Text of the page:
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Mexican Expedition - Use of 'Dum-Dum' Bullets by US Troops?


Moonraker

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I have come across this in a couple of modern accounts of the fight at Carrizal where this accusation is made,. An example reads
'And, with respect to those shots, the Mexican surgeon who treated the 29 wounded Mexican soldiers noted that the majority of the injuries were caused by expanding bullets: prohibited by international treaty for military use by any civilized nation at that time.'

 

Has any one seen or even heard of the surgeon's report referred to?
I have not found any mention in any primary sources and so It seems unlikely to me, and smacks of a myth in the making. Might it even be the a case of the formidable wounds inflicted by the .45 cal automatic pistols being unfamiliar to the doctors?
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As you haven't gotten a response, I'll give it a stab. To me, the term "dum dum" bullets make be think of bullets that tumble inflicting a bigger would as they travel through flesh as they spin end over end. As far as expanding bullets are concerned, this is usually affected by use of a hollow point in the bullet head. Of course, the common bullet material in the 19th century was lead. Lead expands significantly when it impacts a hard surface. This would have been what a doctor should have expected at the time- an expanded size bullet in the wound.

 

The US soldiers on the Mexican border would have used copper jacketed bullets in the 1903 Springfield. Pistols could have either been the .45 auto caliber M1911 or the .38 caliber revolver. All would have been standard calibers of ammunition and should not have needed to have been secured from sources outside of the US supply system. I would tend to chalk these accounts up to propaganda speech from the day rather than pure fact. Of course, this is all my opinion and shouldn't be given any more weight than that.

 

Allan

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Allan

 

Many thanks for your response and apologies for the tardy response - had forgotten to click 'Follow'!

 

Your opinion chimes with mine. But I have learnt never to say never because as soon as I do along comes proof that whatever I said never happened - did. I don't know why they need to make this little 'extra' up anyway - seems to me they had done well enough without gilding the lily.

 

Capt Gonzales and Gen Rivas, who were there and wrote accounts, do not mention this, and I feel sure they would if it were true.

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I don't have it any more, but I once owned a .30-40 Krag round that had an X filed in the bullet nose. It came with a Moro Rebellion (Philippines) vet's medals. Technically, such bullets were banned by the early Geneva Convention, but only when used against European troops. Obviously, neither the Moros nor the Mexicans would have been classified as either European or as soldiers per se.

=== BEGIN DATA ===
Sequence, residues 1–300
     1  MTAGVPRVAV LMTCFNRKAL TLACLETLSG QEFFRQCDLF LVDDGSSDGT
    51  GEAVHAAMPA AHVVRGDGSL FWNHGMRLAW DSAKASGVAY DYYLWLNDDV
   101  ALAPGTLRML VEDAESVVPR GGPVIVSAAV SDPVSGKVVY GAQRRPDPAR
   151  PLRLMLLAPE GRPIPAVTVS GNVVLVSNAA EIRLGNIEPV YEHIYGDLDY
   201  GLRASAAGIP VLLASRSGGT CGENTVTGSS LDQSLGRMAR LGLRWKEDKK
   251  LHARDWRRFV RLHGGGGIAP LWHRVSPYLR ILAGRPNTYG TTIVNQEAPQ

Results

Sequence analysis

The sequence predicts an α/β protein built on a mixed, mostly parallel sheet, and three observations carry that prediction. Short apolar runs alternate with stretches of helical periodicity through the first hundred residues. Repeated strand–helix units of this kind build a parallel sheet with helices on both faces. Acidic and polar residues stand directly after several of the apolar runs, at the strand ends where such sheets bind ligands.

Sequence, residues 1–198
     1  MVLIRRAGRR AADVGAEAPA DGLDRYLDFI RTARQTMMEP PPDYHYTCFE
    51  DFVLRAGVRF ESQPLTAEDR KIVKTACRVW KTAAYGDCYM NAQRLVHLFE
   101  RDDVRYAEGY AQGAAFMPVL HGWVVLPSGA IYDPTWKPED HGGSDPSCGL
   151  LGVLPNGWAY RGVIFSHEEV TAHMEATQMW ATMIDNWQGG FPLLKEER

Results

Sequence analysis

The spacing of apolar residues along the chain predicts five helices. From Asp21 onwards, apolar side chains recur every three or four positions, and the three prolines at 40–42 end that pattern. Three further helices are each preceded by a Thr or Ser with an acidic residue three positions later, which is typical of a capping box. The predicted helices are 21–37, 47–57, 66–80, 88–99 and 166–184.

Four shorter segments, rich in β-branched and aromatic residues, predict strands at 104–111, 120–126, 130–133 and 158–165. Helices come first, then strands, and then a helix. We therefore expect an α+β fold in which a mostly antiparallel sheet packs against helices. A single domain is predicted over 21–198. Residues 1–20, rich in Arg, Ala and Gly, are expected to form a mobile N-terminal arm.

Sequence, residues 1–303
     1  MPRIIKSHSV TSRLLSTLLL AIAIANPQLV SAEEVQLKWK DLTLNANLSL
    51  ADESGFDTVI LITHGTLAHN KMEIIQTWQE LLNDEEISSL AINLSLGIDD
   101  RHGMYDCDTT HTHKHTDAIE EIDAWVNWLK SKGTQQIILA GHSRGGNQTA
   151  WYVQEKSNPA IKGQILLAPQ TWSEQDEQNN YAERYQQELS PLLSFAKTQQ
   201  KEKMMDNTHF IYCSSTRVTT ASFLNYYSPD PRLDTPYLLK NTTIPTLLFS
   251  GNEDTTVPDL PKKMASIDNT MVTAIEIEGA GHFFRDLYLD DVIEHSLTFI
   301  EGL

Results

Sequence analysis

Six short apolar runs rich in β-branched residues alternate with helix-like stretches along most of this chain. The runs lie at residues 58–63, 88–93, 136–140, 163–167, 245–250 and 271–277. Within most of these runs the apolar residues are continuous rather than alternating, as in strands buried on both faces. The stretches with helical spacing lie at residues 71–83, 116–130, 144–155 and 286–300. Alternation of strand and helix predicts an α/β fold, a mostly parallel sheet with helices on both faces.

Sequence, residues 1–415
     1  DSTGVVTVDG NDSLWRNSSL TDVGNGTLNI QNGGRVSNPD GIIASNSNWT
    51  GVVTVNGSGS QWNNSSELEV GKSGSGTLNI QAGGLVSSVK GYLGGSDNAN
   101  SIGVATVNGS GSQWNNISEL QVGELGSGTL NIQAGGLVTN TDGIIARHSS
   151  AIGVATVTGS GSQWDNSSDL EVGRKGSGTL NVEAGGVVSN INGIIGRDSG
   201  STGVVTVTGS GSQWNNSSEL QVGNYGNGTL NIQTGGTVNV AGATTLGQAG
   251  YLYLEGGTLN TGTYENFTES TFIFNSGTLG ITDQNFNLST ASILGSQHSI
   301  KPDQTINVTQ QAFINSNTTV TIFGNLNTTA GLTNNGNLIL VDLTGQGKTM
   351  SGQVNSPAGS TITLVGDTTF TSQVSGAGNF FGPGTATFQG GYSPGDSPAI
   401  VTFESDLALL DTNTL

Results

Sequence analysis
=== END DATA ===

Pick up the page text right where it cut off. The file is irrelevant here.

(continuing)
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  • 1 month later...
DesertRatTom

...another $0.02 here. Gil's relating of the 30-40 round with an 'X' carved into it shows up in writings every so often, Did US troops use such things? I suspect the answer is YES. This would apply to pistol rounds more than rifle though. Lessons learned from the Brits and most recently in the Philippines to get any edge would have been passed on and used by a soldier determined to get home alive.

 

The question becomes How or if the command monitored returned issued ammo for possible enhancements? The only way to answer that is to find company records of Court Martialed individual and the charges. Its kind of like the current Black Jack Pershing disposition of insurgents and swine carcasses, entrails, &c. all being interred together. Like most soldier talk, scuttlebutt & urban legend, there is some truth embedded, you just have to sift through it all to figure out where it is.

 

Tom

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  • 4 weeks later...

Unbelievably I still didn't click on the Follow tab! So again belated thanks for the two responses.

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suwanneetrader

Years ago 60's - 70's alot of gun shows and flea mkts you could find guys with large containers of misc loose cartridges, both military and civilian back stamps. Some would have a "X" cut into the nose of the lead bullet. I was told many times that hunters and soldiers did it so the bullet would expand some. Richard

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